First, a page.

Mandia said the attackers tried to access information “related to certain government customers,” but that the company has no evidence yet that customer information has been stolen.
None of the stolen cybersecurity tools contained so-called zero-day exploits, Mandia said. Zero-day vulnerabilities are software vulnerabilities that have never been publicly identified or patched, and can be extremely dangerous if weaponized by malicious actors.
The Cybersecurity and Infrastructure Security Agency, an arm of the Department of Homeland Security, said in a statement that it has been working with FireEye to determine the scope of the attack.
“As details are made available we are working to share and implement countermeasures across the federal networks and with our private sector partners,” a CISA spokesperson said.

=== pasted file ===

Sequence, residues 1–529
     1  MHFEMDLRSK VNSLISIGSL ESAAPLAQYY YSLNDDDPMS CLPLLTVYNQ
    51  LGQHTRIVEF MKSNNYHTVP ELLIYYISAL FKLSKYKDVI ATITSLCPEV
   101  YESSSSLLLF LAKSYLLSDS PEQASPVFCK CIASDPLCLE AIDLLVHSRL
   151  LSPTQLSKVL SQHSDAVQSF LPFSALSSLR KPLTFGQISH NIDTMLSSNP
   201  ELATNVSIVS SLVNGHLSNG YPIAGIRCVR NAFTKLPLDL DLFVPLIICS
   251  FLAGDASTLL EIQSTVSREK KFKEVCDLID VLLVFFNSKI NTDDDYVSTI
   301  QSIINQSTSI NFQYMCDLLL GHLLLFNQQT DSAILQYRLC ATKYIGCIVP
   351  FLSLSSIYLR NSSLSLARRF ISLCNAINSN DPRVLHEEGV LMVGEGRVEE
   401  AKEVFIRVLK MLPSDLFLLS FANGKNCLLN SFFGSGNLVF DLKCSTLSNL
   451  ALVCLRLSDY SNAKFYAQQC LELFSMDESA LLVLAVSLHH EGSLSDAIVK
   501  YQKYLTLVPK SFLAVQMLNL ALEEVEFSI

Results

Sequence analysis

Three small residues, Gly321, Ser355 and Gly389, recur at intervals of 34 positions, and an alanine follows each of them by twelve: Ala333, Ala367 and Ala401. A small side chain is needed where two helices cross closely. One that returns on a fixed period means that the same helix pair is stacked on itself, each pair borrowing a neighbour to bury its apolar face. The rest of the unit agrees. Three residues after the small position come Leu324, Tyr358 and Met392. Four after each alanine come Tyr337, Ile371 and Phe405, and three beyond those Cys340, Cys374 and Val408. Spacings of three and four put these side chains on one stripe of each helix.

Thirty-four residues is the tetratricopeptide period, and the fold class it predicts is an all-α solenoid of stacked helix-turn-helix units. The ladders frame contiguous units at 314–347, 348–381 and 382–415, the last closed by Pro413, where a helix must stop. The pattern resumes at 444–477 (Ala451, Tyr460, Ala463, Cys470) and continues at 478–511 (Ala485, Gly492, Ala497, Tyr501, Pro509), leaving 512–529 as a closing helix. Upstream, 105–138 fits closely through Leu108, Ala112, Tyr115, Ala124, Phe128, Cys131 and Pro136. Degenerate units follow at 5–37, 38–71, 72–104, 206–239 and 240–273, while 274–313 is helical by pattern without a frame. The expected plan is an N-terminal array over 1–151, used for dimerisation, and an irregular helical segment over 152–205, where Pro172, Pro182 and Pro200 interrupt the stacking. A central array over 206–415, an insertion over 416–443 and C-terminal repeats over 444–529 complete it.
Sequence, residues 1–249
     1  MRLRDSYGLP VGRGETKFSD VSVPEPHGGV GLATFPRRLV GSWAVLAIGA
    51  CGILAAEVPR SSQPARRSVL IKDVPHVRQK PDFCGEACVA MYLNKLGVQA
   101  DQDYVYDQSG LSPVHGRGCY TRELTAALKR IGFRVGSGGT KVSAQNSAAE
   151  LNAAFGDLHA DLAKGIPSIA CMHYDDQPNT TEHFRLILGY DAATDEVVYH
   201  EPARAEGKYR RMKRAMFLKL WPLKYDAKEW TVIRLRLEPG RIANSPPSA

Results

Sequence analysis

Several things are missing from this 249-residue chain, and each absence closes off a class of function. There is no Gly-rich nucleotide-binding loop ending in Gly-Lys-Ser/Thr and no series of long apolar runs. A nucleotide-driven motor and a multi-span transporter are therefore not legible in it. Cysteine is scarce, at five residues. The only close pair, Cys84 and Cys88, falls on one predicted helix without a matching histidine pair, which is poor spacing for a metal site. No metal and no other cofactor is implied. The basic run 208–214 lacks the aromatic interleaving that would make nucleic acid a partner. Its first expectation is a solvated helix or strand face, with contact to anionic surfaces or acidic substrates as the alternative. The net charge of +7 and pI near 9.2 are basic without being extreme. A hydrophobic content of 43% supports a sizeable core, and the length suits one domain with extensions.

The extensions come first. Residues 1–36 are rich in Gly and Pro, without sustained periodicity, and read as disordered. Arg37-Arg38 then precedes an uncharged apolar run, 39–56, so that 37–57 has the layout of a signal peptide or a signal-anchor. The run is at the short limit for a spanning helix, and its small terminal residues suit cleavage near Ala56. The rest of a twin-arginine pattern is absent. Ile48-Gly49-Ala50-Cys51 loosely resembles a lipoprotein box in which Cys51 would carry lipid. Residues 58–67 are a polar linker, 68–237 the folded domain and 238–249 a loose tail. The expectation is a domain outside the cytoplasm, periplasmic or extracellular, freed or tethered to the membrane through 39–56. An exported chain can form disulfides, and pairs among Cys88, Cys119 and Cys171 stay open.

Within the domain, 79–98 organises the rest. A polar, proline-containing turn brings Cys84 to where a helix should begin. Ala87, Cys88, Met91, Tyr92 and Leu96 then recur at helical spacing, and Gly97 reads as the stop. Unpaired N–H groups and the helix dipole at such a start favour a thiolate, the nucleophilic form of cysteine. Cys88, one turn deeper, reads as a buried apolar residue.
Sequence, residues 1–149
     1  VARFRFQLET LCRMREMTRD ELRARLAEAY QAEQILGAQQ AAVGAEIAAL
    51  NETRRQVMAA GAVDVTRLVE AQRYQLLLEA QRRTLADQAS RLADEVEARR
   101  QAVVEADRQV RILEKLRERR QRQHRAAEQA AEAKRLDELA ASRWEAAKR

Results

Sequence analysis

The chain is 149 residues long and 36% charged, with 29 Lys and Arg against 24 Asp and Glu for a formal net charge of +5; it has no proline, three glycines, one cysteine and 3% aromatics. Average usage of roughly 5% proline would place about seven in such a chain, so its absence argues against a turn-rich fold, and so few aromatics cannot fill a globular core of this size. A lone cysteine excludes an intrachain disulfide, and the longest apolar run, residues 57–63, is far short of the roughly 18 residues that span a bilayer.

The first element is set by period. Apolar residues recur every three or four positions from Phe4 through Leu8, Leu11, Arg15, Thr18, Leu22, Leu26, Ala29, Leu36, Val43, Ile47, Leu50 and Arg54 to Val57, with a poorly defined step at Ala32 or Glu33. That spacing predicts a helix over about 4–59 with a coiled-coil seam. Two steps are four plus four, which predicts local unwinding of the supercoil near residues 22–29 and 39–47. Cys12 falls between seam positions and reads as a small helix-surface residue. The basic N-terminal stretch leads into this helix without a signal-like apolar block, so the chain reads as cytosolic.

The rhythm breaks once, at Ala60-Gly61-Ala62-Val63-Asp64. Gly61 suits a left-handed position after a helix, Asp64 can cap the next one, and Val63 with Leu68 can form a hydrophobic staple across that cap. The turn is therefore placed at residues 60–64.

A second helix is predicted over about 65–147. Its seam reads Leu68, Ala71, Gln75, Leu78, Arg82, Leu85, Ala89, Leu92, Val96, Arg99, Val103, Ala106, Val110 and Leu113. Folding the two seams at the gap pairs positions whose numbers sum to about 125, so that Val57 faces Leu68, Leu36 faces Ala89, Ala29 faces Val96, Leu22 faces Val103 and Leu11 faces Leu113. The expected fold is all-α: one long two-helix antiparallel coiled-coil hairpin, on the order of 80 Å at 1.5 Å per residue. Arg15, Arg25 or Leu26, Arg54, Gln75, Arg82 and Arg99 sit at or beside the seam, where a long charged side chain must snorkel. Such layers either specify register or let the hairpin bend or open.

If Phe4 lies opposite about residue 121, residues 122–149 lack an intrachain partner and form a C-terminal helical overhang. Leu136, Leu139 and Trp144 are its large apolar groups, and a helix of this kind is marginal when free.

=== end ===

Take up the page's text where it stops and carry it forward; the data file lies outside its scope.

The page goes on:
FireEye is among the world’s preeminent cybersecurity firms, selling services designed to prevent, detect and respond to network security attacks. It also conducts extensive research on some of the most sophisticated hacking groups, known in the industry as advanced persistent threats.
Mike Chapple, a cybersecurity expert at the University of Notre Dame and a former National Security Agency official, called the FireEye breach “an extraordinarily significant attack.”
“As one of the world’s go-to cybersecurity firms, FireEye has a ringside seat for some of the most sophisticated breaches carried out worldwide,” Chapple said. “The impact of this breach remains to be seen and depends upon the motivation of the attackers. We might see them go public in an attempt to monetize their work by selling exploits. On the other hand, they might remain in the shadows, stealthily using their new tools to compromise high-value systems.”
Shares of FireEye fell more than 7% in after-hours trading Tuesday following the disclosure.
This content was originally published here.